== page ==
Mixed-member proportional representation
|Part of the Politics series|
Mixed-member proportional (MMP) representation is a mixed electoral system in which voters get two votes: one to decide the representative for their single-seat constituency, and one for a political party. Seats in the legislature are filled firstly by the successful constituency candidates, and secondly, by party candidates based on the percentage of nationwide or region-wide votes that each party received. The constituency representatives are elected using first-past-the-post voting (FPTP) or another plurality/majoritarian system. The nationwide or region-wide party representatives are, in most jurisdictions, drawn from published party lists, similar to party-list proportional representation. To gain a nationwide representative, parties may be required to achieve a minimum number of constituency candidates, a minimum percentage of the nationwide party vote, or both.
MMP differs from parallel voting in that the nationwide seats are allocated to political parties in a compensatory manner in order to achieve proportional election results. Under MMP, two parties that each receive 25% of the votes may both end up with 25% of the seats, even if one party wins more constituencies than the other.
MMP was originally used to elect representatives to the German Bundestag, and has been adopted by Bolivia, Lesotho and New Zealand. It was also used in Romania during its 2008 and 2012 legislative elections. In Germany, where it is used on the federal level and in most states, MMP is known as personalized proportional representation (German: personalisiertes Verhältniswahlrecht). In the United Kingdom such systems used in Scotland, Wales, and the London Assembly are referred to as additional member systems. In the Canadian province of Quebec, where an MMP model was studied in 2007, it is called the compensatory mixed-member voting system (système mixte avec compensation or SMAC).
In most models the voter casts two votes: one for a constituency representative and one for a party. In the original variant used in Germany, both votes were combined into one, so that voting for a representative automatically meant also voting for the representative's party. Most of Germany changed to the two-vote variant to make local members of parliament (MPs) more personally accountable. Voters can vote for the local person they prefer for local MP without regard for party affiliation, since the partisan make-up of the legislature is determined only by the party vote. In the 2017 New Zealand election, 27.33% of voters split their vote (voted for a local candidate of a different party than their party vote) compared to 31.64% in 2014.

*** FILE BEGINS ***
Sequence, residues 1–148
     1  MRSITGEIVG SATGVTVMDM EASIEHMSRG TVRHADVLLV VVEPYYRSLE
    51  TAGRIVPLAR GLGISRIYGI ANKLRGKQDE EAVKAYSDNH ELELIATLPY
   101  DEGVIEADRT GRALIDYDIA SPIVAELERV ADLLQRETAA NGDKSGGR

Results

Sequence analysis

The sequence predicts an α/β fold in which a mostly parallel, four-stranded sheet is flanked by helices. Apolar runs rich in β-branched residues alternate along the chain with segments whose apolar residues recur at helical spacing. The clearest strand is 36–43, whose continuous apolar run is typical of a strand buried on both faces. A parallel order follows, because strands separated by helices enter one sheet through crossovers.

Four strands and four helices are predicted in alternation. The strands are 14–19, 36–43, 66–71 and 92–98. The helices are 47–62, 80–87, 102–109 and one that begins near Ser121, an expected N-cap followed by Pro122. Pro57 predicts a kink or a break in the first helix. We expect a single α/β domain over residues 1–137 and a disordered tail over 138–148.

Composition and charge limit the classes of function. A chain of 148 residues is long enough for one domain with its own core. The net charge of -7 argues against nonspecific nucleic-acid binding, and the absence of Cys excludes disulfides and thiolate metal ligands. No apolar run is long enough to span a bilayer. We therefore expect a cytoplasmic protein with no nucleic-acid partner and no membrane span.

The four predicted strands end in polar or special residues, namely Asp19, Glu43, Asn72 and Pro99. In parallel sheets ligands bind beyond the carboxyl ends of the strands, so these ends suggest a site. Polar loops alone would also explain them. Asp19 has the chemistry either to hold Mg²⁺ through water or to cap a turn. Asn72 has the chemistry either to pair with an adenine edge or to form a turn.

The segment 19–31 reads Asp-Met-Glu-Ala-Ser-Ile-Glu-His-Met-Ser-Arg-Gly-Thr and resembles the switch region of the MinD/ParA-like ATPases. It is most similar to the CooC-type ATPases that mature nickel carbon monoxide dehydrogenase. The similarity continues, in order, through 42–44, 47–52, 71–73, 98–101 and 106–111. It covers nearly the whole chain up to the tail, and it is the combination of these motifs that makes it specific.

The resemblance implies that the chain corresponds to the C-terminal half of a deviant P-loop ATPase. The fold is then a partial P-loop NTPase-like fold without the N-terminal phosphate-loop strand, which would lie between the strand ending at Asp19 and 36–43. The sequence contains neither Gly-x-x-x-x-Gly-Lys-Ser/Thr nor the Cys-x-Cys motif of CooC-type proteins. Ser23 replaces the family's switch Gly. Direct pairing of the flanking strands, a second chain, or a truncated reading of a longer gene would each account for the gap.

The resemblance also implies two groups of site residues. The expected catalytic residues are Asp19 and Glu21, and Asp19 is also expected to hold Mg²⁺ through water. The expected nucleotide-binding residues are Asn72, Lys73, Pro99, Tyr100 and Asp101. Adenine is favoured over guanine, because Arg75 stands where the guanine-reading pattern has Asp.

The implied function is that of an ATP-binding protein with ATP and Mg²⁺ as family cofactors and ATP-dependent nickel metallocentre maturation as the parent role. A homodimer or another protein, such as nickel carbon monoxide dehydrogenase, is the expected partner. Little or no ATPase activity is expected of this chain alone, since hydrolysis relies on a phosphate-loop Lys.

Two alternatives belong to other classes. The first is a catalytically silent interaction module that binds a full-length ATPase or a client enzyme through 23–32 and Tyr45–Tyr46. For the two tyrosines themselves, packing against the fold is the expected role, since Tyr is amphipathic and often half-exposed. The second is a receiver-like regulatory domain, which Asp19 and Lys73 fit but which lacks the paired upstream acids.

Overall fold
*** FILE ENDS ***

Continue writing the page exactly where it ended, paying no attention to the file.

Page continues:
Most systems used closed party lists to elect the non-constituency MPs (also called list MPs). In most jurisdictions, candidates may stand for both a constituency and on a party list (referred to in New Zealand as dual candidacy), but in Wales are restricted to contend either for a constituency or for a party list, but not both. If a candidate is on the party list, but wins a constituency seat, they do not receive two seats; they are instead crossed off the party list and replaced with the next candidate down.
In Bavaria the second vote is not simply for the party but for one of the candidates on the party's regional list: Bavaria uses seven regions for this purpose. A regional open-list method was also recommended for the United Kingdom by the Jenkins Commission (where it is known as AMS) and for Canada by the Law Commission of Canada. The open-list method of MMP was also chosen in November 2016 by voters in the Prince Edward Island electoral reform referendum, 2016.